Historically, this momentum switching strategy would have outperformed owning high yield outright by roughly 370bps per annum. Investors should also note from my article in late January that BB-bonds tend to outperform CCC-bonds over long-time intervals due to their lower default rates, so earning alpha by going to the bottom of the credit spectrum must be done tactically.

Despite the long-run higher average total returns by BB-rated bonds demonstrated in the table above, CCC-rated bonds have now outperformed their higher rated BB-rated cohort for seven consecutive months. While CCC's produced a zero total return in May, they still outperformed BB's in part due to the higher interest rate sensitivity of higher quality BB-rated credit. This outperformance would have kept investors in CCC's in June where they modestly outperformed the more rate sensitive BB's again despite producing their worst monthly total return since late 2011. While credit spreads widened across asset classes in June, the outperformance of CCC's signals that this spread widening was driven by higher rates and the need to meet redemptions and not credit concerns, or CCC's would have likely underperformed.

Seeking Alpha readers following this strategy should position themselves in bonds and bonds funds with higher levels of credit risk in July as the most speculative portion of the high yield bond market continues to outperform.

Adjusting Your Portfolio Duration

Intermediate Duration Treasuries and Long Duration Treasuries

All three of the aforementioned trades have used momentum to opportunistically time entry points to increase or decrease credit risk. The trade below demonstrates that momentum is also useful in timing bets on another key component of fixed income returns: interest rates.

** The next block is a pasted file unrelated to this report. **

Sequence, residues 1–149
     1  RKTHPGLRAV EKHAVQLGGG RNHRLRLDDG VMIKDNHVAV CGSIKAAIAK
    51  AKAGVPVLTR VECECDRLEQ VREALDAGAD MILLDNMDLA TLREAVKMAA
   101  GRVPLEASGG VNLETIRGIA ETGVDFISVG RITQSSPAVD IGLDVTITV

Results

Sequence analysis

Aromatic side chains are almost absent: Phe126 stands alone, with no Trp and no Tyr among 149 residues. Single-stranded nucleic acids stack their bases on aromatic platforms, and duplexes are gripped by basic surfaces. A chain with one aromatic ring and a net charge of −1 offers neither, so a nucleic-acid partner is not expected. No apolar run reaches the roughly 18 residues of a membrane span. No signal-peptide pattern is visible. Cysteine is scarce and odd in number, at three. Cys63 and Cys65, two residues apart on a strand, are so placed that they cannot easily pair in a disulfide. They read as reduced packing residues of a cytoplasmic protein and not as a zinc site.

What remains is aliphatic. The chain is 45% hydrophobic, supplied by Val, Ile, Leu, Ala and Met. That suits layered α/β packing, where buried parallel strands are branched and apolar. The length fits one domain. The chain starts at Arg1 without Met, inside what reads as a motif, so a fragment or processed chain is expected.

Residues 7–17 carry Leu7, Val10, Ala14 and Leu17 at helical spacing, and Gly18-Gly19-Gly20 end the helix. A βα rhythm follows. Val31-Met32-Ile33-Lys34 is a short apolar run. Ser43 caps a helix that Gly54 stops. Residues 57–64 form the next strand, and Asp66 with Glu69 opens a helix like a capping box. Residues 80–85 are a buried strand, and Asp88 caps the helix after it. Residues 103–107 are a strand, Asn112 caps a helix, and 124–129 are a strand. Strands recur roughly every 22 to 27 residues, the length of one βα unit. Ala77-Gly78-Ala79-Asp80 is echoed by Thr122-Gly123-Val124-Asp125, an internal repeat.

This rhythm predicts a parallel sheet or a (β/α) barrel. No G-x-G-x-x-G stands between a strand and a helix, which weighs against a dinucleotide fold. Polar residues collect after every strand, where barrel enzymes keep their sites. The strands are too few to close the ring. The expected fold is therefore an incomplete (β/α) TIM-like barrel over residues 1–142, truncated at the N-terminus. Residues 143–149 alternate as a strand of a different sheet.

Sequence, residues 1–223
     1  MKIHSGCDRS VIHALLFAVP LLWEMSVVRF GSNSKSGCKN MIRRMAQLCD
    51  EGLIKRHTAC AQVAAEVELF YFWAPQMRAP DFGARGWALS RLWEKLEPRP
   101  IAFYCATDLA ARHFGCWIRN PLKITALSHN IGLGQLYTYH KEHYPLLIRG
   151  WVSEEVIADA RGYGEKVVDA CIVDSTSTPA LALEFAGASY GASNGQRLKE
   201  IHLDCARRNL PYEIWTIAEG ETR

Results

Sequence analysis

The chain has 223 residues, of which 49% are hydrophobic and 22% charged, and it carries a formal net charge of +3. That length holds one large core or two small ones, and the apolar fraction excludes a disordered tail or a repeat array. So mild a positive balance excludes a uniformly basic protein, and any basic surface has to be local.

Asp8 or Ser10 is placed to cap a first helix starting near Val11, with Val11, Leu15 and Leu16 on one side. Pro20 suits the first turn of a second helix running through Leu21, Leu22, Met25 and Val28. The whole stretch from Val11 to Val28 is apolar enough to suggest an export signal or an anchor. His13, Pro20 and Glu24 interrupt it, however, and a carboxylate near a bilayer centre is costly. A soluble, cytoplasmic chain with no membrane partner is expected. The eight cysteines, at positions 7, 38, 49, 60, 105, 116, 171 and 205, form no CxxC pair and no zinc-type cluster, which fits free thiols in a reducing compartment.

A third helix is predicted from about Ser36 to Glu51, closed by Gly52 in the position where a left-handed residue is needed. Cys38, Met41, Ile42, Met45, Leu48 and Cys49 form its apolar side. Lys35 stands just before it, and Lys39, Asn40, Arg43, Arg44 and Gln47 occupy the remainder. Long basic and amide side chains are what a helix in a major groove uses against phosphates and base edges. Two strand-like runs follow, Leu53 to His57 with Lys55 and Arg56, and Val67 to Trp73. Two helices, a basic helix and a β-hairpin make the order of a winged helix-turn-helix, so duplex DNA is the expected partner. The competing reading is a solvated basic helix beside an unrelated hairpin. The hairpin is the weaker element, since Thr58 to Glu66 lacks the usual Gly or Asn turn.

While this momentum strategy has not outperformed on an absolute basis over the entirety of the 40-year sample period, the momentum switching strategy has produced alpha. The average annual return of the momentum strategy is only 0.09% lower than the long Treasury-only strategy, while exhibiting only about three-quarters of the volatility.

As I wrote recently, the long end of the Treasury curve is a tough place to invest given ultra low expected real returns and trailing volatility that mirrors that of the S&P 500 (NYSEARCA:SPY). After this momentum trade was whipsawed by the long end's historically weak return in May, owning the intermediate part of the curve in June allowed this strategy to recapture some its performance. Momentum would suggest holding the intermediate portion of the curve again in July. Investors who chose to continue to short long Treasuries after May's horrendous return were well rewarded in June, especially against the specter of weak asset returns in most global asset classes.


June's returns would signal that fixed income investors would want to continue to avoid long duration asset classes in July, favoring asset classes with higher credit spreads and shorter durations. While these momentum strategies will see some volatility as Federal Reserve governors fine tune their communication with markets and ultimately gradually reduce the amount of monetary accommodation, the long-run strength of these strategies is undeniable, and I hope they serve as a tactical portfolio allocation tool for readers.

Disclosure: I am long SPY. I wrote this article myself, and it expresses my own opinions. I am not receiving compensation for it (other than from Seeking Alpha). I have no business relationship with any company whose stock is mentioned in this article.